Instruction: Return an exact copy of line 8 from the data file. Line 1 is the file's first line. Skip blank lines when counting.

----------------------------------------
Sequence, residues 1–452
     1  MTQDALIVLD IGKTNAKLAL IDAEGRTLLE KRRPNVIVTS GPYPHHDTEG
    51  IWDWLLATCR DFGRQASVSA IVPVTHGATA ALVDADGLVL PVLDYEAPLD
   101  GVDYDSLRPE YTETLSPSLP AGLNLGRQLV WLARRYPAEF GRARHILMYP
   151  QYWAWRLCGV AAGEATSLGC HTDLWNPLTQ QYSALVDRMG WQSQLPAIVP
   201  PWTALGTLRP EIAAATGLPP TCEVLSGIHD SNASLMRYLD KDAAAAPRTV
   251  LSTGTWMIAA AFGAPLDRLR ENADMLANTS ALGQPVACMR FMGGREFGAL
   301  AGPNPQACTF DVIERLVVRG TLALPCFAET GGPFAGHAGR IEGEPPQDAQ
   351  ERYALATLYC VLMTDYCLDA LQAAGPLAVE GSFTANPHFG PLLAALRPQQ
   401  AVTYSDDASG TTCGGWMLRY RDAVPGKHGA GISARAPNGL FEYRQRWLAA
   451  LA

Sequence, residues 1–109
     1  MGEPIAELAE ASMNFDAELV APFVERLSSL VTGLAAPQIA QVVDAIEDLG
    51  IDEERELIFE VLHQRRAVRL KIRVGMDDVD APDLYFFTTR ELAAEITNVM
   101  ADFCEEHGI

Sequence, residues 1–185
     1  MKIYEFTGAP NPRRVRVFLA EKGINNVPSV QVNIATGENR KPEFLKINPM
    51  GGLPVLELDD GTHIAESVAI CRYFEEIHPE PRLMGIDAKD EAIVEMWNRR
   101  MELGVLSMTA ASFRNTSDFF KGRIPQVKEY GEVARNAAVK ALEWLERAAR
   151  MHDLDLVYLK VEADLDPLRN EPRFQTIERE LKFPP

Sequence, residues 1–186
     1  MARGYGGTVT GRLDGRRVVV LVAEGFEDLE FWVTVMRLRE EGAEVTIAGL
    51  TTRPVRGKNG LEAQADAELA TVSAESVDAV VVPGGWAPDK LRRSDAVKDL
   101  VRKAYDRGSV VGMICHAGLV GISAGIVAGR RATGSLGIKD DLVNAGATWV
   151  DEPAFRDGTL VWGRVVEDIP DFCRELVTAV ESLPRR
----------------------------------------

   301  AGPNPQACTF DVIERLVVRG TLALPCFAET GGPFAGHAGR IEGEPPQDAQ